WeatherFax 2000

We are long time users of WeatherFax 2000, from Xaxero Marine Software Engineering Ltd in New Zealand, for the reception of weather faxes on a Windows PC.

WeatherFax 2000 is one of those products that are all too rare around boats: it just works; no fuss, no muss. Not only does it do the best job of anything we have tried at pulling vital weather information out of the ether, but the interface is easy to understand and the documentation explains a fairly complex technology clearly.

I think the key to why it is such a good product is that it was written by a real bona fide long distance cruiser: the last I heard, Jonathan, the developer of WeatherFax 2000, was on his boat cruising Chile; a place that will definitely breed a healthy interest in the weather and effective ways to track it!

A couple of months ago, when we launched Morgan’s Cloud, I found that our demodulator—one of two options offered by Xaxero for receiving weather faxes—was failing intermittently. I wrote Jonathan asking what a replacement would cost in the hope that I would not have to repurchase the entire package. I fully expected to pay for the new hardware and shipping, since the demodulator was six years old, and even said that in my e-mail.

The next day I heard from Jonathan offering to send me a new demodulator free of charge and ten days later it was in my hand. Now that is pretty amazing service. What more can I say?

By the way, some people may be surprised that we are still using weather fax since there are modern sources for weather information available. We use some of them, such as downloading GRIB wind field and pressure information over Iridium, but, in our experience, you still can’t beat a series of weather fax surface prognosis charts for getting an overall understanding of what is coming at you weather wise. Best of all, weather fax is free.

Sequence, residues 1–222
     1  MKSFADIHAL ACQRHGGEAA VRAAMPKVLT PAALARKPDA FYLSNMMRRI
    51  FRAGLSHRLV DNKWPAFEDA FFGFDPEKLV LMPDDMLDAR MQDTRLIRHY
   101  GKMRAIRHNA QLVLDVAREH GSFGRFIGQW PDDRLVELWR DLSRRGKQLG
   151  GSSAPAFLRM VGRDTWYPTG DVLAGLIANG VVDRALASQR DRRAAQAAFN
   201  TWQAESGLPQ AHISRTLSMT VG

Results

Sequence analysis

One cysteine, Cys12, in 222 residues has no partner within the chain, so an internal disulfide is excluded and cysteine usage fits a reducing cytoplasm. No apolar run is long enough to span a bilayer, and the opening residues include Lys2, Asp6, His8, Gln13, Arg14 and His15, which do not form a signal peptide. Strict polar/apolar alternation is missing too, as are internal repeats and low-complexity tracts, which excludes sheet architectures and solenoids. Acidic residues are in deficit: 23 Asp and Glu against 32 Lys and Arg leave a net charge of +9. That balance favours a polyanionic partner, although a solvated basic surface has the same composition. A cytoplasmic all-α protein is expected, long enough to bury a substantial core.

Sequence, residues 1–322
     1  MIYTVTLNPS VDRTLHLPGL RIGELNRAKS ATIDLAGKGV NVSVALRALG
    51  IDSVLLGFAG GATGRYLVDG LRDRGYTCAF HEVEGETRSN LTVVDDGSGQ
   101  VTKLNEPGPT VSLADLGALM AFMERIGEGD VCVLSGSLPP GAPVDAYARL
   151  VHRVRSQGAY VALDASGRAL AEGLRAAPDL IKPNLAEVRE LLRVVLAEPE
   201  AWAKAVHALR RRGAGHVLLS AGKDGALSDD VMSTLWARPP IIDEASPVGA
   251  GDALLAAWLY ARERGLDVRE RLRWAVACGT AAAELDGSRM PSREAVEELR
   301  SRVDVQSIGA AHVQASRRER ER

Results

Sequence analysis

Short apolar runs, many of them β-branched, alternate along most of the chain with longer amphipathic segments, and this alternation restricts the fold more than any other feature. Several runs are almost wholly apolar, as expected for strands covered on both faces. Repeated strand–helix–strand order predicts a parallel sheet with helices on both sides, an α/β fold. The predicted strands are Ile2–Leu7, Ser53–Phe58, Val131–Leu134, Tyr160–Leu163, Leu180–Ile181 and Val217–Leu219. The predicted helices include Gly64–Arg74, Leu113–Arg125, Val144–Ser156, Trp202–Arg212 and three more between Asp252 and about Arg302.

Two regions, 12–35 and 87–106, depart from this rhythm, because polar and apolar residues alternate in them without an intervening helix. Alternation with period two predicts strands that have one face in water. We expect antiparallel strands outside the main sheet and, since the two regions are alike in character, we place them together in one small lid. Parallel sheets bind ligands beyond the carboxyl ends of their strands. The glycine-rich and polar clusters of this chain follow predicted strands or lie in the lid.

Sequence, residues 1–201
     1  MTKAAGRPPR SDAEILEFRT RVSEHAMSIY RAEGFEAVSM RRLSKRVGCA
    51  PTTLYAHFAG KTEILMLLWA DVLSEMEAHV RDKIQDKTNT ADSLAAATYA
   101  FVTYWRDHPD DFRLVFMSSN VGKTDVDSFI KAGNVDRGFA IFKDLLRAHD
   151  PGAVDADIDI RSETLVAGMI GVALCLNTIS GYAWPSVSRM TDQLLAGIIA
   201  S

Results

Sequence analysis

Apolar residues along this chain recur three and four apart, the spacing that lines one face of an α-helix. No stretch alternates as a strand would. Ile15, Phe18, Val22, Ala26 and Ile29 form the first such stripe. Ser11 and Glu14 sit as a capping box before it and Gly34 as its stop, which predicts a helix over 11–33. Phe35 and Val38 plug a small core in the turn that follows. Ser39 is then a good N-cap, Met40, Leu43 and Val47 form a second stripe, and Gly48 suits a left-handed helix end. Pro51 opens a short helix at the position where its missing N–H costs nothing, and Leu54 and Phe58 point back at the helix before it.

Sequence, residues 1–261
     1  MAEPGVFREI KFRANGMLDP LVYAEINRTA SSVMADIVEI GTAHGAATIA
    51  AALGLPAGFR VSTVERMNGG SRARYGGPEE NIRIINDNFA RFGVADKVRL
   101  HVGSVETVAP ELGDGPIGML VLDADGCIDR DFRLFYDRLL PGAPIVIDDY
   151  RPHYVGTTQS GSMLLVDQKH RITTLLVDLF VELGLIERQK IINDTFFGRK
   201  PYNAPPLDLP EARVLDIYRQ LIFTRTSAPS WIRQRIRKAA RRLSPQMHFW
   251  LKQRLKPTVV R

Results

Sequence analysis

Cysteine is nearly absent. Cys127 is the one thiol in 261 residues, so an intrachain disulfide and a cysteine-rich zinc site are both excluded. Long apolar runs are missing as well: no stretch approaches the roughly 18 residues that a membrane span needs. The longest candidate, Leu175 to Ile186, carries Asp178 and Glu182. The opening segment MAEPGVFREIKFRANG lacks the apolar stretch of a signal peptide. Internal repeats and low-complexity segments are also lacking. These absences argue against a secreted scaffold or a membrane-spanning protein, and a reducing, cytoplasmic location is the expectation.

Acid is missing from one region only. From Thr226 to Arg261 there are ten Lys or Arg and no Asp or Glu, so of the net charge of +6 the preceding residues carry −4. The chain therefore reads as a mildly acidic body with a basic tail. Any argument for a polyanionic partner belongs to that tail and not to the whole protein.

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John was born and brought up in Bermuda and started sailing as a child, racing locally and offshore before turning to cruising. He has sailed over 100,000 miles, most of it on his McCurdy & Rhodes 56, Morgan's Cloud, including eight ocean races to Bermuda, culminating in winning his class twice in the Newport Bermuda Race. He has skippered a series of voyages in the North Atlantic, the majority of which have been to the high latitudes. John has been helping others go voyaging by sharing his experience for twenty years, first in yachting magazines and, for the last 18 years, as co-editor/publisher of AAC.

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